HHS re­port: ACA pro­vi­sions saved $2.1 bil­lion

Modern Healthcare - - MODERN HEALTHCARE - Jes­sica Zig­mond

HHS re­port es­ti­mates the ACA has racked up $2.1 bil­lion in sav­ings so far

An HHS re­port found con­sumers saved bil­lions from in­sur­ance pro­vi­sions in the health­care re­form law, but crit­ics dis­missed it as cam­paign fluff.

Ac­cord­ing to the anal­y­sis, the Pa­tient Pro­tec­tion and Af­ford­able Care Act’s ratere­view re­quire­ment—which makes in­sur­ance com­pa­nies jus­tify pre­mium-rate in­creases of 10% or more—saved con­sumers about $1 bil­lion since the pro­vi­sion took ef­fect last Septem­ber.

An­other $1.1 bil­lion in sav­ings, the re­port said, came from the statute’s med­i­cal-loss­ra­tio pro­vi­sion, which re­quires in­sur­ers to spend at least 80 cents of ev­ery pre­mium dol­lar on med­i­cal ex­penses or else pay the dif­fer­ence to con­sumers through re­bates.

HHS has dis­trib­uted about $160 mil­lion of $250 mil­lion the law pro­vided for grants to help states re­view rate in­creases. But Thomas Miller, res­i­dent fel­low at the con­ser­va­tive Amer­i­can En­ter­prise In­sti­tute in Wash­ing­ton, ques­tioned whether HHS could rightly claim credit for tam­ing pre­mium hikes, not­ing that most states used their ex­ist­ing author­ity to re­view rates.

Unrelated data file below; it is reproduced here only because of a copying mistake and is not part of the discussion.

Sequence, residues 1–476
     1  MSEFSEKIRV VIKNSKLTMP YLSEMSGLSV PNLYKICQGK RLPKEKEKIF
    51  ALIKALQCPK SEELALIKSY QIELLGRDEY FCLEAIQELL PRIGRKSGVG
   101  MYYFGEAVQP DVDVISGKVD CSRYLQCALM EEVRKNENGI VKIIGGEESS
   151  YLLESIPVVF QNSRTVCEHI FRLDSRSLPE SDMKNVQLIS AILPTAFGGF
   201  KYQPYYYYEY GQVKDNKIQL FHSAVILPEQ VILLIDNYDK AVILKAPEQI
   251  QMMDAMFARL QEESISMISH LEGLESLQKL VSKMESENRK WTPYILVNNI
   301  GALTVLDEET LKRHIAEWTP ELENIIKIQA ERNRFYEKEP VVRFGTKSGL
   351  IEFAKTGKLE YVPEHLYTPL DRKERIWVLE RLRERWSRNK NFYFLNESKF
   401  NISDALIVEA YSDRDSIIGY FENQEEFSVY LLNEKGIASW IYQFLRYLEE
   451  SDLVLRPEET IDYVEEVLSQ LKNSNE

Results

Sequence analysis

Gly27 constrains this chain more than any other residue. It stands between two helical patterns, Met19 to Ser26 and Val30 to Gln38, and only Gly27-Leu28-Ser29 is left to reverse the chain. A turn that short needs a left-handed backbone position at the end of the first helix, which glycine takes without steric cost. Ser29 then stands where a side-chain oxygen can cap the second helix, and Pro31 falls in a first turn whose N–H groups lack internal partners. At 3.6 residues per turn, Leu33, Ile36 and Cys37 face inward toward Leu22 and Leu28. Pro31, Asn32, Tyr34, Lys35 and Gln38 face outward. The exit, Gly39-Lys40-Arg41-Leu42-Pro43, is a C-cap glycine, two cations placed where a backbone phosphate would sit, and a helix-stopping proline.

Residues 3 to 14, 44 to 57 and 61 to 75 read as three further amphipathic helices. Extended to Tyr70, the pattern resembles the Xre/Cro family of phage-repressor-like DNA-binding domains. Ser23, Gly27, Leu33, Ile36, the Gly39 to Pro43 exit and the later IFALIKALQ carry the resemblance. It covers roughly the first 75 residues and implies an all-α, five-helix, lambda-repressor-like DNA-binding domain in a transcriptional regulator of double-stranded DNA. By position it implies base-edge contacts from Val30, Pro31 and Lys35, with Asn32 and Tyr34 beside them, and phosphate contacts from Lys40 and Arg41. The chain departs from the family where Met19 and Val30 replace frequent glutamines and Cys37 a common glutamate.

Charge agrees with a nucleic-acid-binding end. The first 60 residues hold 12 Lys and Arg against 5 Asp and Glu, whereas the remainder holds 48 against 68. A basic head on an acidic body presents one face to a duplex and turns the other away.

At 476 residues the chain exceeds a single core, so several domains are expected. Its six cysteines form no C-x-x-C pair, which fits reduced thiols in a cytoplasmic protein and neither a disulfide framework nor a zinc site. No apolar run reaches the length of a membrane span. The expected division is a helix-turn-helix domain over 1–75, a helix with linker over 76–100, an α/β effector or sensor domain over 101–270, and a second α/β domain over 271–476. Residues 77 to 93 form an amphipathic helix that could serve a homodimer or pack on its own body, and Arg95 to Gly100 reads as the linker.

Gary Co­hen, di­rec­tor of HHS’ Cen­ter for Con­sumer In­for­ma­tion and In­sur­ance Over­sight, said states made 69% of the ratere­view de­ter­mi­na­tions, while HHS de­cided

on the re­main­ing 31%.

The AEI’s Miller also said HHS is claim­ing credit for other fac­tors that are keep­ing pre­mi­ums down. “If you want to bring health­care down, they’ve got a fool­proof ap­proach: De­press the econ­omy,” he said. “If peo­ple don’t have money, they won’t buy ex­pen­sive health in­sur­ance.”

On Capi­tol Hill, Sen. Mike Enzi (R-Wyo.), the rank­ing mem­ber on the Se­nate Health, Ed­u­ca­tion, La­bor and Pen­sions Com­mit­tee, called the re­port “an elec­tion-year gim­mick that ig­nores the true to­tal cost in­creases of the new health­care law.”

Enzi also noted in a state­ment that the Kaiser Fam­ily Foun­da­tion and Health Re­search & Ed­u­ca­tion Trust found that fam­ily health­care pre­mi­ums are 4% higher this year than in 2011. “What this ad­min­is­tra­tion does not want peo­ple to know is that the new man­dates con­tained in the health­care law are sig­nif­i­cantly in­creas­ing the cost of in­sur­ance, which will make it harder for many Amer­i­cans to pur­chase af­ford­able cov­er­age.”

A Kaiser and HRET news re­lease about the find­ing, based on a sur­vey of 2,000 large and small busi­nesses, char­ac­ter­ized the 4% growth rate as “mod­er­ate by his­tor­i­cal stan­dards,” though still out­pac­ing wages.

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